Acute Myocardial Infarction

Part of the Treatment in Clinical Medicine book series (TC MEDICINE)


Acute myocardial infarction develops when myocardial ischaemia occurs for a sufficient time to cause necrosis of a localised area of myocardium. The initial reduction in myocardial blood flow may be secondary to:
  1. 1.

    Coronary artery spasm or increased vasoconstrictor tone in normal or severely stenosed coronary arteries (Maseri et al. 1978)

  2. 2.

    Platelet aggregation in the presence of severe atheroma, leading to reduced flow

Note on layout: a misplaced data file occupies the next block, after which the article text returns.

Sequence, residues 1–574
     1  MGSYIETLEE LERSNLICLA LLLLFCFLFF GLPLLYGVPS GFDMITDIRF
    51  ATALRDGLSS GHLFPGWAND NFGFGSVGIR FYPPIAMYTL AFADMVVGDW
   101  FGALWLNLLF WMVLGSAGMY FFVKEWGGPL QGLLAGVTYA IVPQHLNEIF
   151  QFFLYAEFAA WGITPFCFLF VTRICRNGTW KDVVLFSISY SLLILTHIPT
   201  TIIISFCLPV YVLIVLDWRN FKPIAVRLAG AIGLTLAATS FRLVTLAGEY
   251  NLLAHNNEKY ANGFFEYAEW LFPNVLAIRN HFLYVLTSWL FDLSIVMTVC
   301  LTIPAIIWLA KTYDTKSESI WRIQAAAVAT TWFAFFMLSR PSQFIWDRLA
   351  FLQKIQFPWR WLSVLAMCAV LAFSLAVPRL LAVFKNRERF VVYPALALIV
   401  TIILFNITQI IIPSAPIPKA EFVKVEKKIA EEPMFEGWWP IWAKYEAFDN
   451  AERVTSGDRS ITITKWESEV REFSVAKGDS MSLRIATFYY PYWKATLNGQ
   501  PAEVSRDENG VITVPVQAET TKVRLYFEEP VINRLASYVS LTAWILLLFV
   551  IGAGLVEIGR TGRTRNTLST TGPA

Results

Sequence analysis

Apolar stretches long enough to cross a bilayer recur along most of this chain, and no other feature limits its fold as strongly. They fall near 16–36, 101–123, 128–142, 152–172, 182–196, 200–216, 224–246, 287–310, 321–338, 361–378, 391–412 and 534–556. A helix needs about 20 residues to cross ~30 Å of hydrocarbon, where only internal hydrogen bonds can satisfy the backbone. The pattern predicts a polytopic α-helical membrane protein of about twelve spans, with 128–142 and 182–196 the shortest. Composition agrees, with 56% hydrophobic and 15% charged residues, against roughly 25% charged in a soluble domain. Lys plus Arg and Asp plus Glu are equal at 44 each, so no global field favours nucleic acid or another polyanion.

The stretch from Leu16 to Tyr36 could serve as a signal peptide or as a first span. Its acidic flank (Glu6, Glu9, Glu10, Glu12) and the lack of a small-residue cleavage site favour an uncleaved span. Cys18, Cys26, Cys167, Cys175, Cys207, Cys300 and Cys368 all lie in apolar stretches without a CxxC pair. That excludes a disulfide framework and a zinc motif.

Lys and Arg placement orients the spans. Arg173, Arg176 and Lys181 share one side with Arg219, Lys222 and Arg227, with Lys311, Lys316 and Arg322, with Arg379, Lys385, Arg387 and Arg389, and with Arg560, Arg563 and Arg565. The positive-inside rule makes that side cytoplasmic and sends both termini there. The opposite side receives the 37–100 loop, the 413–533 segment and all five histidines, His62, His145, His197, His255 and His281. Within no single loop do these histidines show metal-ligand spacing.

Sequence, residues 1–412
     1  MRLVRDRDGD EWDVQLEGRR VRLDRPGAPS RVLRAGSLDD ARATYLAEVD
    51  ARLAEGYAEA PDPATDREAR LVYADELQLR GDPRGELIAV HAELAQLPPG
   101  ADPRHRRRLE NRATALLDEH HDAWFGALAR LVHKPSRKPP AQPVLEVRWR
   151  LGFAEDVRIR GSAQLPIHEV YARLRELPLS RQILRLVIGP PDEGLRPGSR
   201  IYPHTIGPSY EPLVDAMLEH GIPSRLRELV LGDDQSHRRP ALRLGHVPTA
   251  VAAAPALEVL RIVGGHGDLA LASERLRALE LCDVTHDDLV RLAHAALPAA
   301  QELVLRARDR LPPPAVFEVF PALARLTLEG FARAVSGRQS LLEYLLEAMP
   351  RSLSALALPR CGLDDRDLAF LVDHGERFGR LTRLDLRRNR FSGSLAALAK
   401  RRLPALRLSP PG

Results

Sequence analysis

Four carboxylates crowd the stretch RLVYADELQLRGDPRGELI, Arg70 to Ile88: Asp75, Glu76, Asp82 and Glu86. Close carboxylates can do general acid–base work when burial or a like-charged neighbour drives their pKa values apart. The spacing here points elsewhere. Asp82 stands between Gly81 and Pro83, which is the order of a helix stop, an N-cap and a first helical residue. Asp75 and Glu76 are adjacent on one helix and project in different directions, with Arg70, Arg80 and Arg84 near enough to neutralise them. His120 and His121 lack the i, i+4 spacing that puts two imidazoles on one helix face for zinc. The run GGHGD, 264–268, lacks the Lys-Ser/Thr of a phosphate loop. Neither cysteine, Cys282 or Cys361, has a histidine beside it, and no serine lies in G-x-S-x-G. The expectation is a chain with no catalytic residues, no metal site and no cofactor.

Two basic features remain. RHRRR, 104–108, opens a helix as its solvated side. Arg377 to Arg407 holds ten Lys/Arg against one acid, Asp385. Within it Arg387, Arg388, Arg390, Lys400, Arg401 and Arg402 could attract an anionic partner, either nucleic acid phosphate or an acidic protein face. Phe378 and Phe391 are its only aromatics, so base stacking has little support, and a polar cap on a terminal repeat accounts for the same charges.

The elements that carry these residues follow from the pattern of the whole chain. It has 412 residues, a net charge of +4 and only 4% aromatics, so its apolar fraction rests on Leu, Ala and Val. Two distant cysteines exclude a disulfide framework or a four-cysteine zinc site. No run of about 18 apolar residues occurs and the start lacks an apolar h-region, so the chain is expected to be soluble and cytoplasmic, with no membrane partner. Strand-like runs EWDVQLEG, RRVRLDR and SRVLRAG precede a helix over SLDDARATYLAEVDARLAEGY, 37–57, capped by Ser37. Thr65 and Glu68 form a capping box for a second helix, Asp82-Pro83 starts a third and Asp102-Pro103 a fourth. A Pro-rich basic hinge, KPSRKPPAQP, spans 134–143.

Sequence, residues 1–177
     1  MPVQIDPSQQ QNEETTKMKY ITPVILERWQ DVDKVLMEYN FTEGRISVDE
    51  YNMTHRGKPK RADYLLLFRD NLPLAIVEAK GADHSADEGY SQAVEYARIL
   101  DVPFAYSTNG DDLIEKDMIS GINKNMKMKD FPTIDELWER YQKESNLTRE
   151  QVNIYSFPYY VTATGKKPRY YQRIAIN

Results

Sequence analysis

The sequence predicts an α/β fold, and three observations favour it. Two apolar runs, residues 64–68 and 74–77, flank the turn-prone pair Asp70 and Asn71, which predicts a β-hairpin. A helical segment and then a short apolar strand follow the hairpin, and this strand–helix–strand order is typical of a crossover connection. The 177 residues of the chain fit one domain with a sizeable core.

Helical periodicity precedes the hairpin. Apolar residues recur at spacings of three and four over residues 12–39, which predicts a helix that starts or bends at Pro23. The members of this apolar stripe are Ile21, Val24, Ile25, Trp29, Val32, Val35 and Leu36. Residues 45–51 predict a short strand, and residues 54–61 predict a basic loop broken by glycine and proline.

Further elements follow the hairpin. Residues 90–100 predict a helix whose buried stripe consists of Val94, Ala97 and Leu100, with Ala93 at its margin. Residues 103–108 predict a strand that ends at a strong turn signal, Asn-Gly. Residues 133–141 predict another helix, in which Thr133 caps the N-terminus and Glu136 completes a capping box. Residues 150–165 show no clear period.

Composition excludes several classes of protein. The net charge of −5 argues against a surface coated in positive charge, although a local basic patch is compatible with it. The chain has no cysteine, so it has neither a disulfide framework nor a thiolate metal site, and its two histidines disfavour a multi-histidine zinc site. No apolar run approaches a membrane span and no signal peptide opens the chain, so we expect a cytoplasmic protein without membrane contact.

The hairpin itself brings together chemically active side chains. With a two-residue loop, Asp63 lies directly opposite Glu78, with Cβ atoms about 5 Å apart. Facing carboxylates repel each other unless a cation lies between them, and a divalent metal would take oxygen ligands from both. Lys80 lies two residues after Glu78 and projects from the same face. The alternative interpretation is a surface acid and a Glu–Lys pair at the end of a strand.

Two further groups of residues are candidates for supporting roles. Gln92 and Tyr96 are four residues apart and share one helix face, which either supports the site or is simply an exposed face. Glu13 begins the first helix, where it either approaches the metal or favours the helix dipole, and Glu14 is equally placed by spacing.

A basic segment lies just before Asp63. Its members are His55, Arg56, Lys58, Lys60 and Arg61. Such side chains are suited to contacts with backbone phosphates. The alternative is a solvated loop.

3. 3.

    Subintimal haemorrhage with bleeding into an atheromatous plaque

  4. 4.

    Intracoronary thrombosis (Davies et al. 1976)

Infarction may occur without totoal coronary artery occlusion when coronary flow falls due to severe hypotension. This can be associaed with haemorrhage, trauma, severe dehydration or shock accompanying any other condition.


Acute Myocardial Infarction Infarct Size Myocardial Blood Flow Cardiogenic Shock Coronary Artery Occlusion 
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Copyright information

© Springer-Verlag Berlin Heidelberg 1985

Authors and Affiliations

  1. 1.Royal InfirmaryGlasgowScotland, UK
  2. 2.Stobhill General HospitalGlasgowScotland, UK

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